David Cameron has admitted he under-estimated the depth of the “raw” public anger over MPs’ expenses as he finally conceded defeat in his battle to save his beleaguered Culture Secretary, Maria Miller.
The prime minister said the furious public reaction to the disclosure that she had wrongly claimed thousands of pounds in mortgage interest payments showed further reform of the expenses system was essential.
However he was accused by Labour leader Ed Miliband of a “terrible error of judgment” in failing to sack her immediately after the publication of last week’s Commons Standards Committee report. Mr Cameron moved swiftly to replace her after her resignation yesterday, promoting Treasury Minister Sajid Javid to take her place.
In a rowdy Commons question time, Mr Cameron insisted he had been right to stand by Mrs Miller after she was cleared of the central charge against her.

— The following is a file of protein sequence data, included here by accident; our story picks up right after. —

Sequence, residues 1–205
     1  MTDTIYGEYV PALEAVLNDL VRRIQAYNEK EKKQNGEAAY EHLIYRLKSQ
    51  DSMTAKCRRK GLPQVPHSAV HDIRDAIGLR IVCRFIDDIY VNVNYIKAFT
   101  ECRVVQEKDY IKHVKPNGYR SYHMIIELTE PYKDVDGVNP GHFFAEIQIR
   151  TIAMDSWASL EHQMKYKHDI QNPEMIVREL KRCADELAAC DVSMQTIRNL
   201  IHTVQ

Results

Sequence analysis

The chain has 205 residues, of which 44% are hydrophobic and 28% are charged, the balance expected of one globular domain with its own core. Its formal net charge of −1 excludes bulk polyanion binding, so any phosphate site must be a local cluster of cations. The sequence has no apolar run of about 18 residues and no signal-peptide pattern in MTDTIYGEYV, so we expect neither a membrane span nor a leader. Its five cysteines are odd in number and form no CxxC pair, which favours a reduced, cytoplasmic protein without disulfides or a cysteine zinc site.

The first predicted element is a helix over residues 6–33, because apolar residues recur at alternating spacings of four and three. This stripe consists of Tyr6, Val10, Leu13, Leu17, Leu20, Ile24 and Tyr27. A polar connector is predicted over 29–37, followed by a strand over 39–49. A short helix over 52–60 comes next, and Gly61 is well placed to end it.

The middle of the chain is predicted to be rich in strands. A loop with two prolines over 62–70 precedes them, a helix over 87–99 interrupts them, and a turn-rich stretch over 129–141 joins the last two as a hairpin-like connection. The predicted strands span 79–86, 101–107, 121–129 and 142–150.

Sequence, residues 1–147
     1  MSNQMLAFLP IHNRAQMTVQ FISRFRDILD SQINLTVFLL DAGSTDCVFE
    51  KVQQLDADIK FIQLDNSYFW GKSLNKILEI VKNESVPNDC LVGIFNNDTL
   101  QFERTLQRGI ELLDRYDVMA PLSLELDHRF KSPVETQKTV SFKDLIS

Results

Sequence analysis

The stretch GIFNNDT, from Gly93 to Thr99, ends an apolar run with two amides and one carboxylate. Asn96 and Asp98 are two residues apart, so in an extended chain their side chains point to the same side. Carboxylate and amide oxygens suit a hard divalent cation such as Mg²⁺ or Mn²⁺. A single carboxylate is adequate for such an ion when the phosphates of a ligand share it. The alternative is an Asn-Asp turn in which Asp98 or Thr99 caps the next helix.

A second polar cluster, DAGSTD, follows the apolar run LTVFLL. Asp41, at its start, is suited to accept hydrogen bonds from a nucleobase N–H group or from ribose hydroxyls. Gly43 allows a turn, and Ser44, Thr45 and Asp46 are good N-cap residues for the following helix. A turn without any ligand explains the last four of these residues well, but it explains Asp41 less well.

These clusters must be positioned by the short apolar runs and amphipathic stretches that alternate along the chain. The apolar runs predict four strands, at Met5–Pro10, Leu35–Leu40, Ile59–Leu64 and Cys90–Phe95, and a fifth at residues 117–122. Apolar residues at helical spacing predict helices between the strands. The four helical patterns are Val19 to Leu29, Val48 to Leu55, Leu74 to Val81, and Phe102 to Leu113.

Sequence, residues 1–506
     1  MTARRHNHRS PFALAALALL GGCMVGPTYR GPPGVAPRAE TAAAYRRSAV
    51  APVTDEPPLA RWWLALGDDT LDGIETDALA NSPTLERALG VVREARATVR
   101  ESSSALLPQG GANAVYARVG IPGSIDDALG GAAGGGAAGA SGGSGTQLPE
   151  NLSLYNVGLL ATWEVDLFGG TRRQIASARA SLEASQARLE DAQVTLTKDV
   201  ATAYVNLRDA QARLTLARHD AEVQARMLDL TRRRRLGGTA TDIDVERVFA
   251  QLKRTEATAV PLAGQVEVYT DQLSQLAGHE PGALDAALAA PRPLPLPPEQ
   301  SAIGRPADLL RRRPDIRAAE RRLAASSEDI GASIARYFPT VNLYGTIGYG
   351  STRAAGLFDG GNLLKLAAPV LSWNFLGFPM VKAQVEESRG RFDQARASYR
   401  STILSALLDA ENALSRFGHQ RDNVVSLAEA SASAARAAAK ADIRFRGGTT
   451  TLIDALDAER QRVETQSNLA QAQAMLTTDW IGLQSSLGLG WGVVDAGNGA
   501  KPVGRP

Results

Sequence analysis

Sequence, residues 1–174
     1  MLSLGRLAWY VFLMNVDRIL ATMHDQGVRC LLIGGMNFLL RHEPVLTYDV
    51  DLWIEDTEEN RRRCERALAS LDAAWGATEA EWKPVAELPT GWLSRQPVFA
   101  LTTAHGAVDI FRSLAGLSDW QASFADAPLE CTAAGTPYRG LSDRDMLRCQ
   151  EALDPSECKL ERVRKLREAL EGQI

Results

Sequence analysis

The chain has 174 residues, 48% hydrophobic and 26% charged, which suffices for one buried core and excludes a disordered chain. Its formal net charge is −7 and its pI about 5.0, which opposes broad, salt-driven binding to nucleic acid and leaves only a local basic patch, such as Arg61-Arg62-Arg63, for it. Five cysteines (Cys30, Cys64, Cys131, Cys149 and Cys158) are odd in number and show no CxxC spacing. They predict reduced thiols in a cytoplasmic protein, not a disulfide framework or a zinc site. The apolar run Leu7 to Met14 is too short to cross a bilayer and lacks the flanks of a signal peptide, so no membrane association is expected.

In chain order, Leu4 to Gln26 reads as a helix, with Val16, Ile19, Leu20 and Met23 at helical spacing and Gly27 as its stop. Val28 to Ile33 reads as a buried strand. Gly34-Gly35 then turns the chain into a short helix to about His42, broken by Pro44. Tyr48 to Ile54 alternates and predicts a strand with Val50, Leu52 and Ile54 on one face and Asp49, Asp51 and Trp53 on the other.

“If people clear themselves of a serious offence, you let them get on with their job, you let them try to do their job,” he said.
“Firing someone at the first sign of trouble . . . that is not actually leadership, that is weakness.”
He sought to deflect accusations by Mr Miliband that he had acted as “an apologist for unacceptable behaviour”, offering cross-party talks on a further overhaul of the expenses system.
“There is still very deep public concern that is very raw about the expenses scandal,” he said.
“The biggest lesson I learned – that that anger is still very raw and it needs to be acted on.”
The confirmation that Mrs Miller had finally given up the fight to hang on to her job came shortly after 7am with the announcement from Downing Street that she had resigned.
It followed a late-night phone conversation between Mrs Miller and the prime minister.